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New report: 20 million more Americans have health care due to 'Obamacare'

President Barack Obama delivers a speech at the Paramount Theatre on July 10, 2014 in Austin, Texas.
President Barack Obama delivers a speech at the Paramount Theatre on July 10, 2014 in Austin, Texas.
Photo by Drew Anthony Smith/Getty Images

Despite negative rhetoric constantly coming from the Republican party, the Affordable Care Act seems to be doing what it was set out to do.

The Affordable Care Act, or "Obamacare," was never a perfect solution to the health care problems in the United States. It doesn't provide true universal health care. It actually requires every American purchase a private product from an industry that has been demonized for years. Despite its flaws, "Obamacare" is a step in the right direction and new reports are showing that it is affecting millions of Americans in a positive way.

According to a new study from the Commonwealth Fund, published in last month's New England Journal of Medicine, the Affordable Care Act has opened the doors to insure more than 20 million Americans in one way or another. The report notes that just under 8 million young Americans under the age of 26 have taken advantage of the provision that allows them to stay under their parent's health care plan. The study also shows that 8 million people gained coverage through the health insurance marketplaces, while an additional five million purchased coverage through insurers.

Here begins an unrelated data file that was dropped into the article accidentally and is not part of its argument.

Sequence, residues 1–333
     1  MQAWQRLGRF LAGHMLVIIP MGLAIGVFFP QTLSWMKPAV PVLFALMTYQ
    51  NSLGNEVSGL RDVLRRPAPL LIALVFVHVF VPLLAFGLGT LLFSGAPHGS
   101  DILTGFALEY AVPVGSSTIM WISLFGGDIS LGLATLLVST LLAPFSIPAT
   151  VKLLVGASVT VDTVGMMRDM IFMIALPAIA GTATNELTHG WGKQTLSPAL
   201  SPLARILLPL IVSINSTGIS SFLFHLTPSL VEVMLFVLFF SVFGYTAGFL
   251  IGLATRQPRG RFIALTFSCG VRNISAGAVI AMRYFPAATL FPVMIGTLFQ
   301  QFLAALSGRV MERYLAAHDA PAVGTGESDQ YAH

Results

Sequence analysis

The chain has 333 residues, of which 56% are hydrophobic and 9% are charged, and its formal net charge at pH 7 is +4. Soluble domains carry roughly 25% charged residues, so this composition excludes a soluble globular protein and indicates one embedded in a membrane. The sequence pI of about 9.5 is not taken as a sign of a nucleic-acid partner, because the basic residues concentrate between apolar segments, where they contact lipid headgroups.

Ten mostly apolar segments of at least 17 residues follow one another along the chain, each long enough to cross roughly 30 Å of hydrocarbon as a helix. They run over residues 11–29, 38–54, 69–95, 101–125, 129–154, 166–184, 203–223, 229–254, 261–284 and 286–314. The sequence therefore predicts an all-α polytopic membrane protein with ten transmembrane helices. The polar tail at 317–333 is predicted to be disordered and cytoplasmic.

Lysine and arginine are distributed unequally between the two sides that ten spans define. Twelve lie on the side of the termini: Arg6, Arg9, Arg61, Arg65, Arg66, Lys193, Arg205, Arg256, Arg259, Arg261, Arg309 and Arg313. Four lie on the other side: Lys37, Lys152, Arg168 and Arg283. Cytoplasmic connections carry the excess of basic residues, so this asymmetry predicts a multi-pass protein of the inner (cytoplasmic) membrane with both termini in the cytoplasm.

The report notes that the ability of the United States to control health care costs will be key in keeping affordable health care available to the American people.

“Developing and spreading innovative approaches to health care delivery that provide greater quality at lower cost is the next great challenge facing the nation."

The number of insured could have been even higher but half of the states in the country still refuse to comply with the ACA and expand Medicaid. After the Supreme Court upheld the Affordable Care Act in 2010, they did deal a blow to the president's signature piece of legislation by removing the requirement of states to expand Medicaid. While healthcare in the United States has a long way to go, it's moving in the right direction.